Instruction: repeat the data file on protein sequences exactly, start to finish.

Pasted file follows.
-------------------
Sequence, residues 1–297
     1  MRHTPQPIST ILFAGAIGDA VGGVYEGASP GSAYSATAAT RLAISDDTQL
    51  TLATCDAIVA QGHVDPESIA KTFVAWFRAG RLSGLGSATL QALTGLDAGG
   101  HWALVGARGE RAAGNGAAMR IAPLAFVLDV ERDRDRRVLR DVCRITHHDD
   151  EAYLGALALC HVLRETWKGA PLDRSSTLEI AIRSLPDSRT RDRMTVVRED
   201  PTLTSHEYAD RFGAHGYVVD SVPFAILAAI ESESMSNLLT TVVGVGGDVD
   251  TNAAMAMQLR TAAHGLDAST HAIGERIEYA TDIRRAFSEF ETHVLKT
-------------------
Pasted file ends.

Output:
Sequence, residues 1–297
     1  MRHTPQPIST ILFAGAIGDA VGGVYEGASP GSAYSATAAT RLAISDDTQL
    51  TLATCDAIVA QGHVDPESIA KTFVAWFRAG RLSGLGSATL QALTGLDAGG
   101  HWALVGARGE RAAGNGAAMR IAPLAFVLDV ERDRDRRVLR DVCRITHHDD
   151  EAYLGALALC HVLRETWKGA PLDRSSTLEI AIRSLPDSRT RDRMTVVRED
   201  PTLTSHEYAD RFGAHGYVVD SVPFAILAAI ESESMSNLLT TVVGVGGDVD
   251  TNAAMAMQLR TAAHGLDAST HAIGERIEYA TDIRRAFSEF ETHVLKT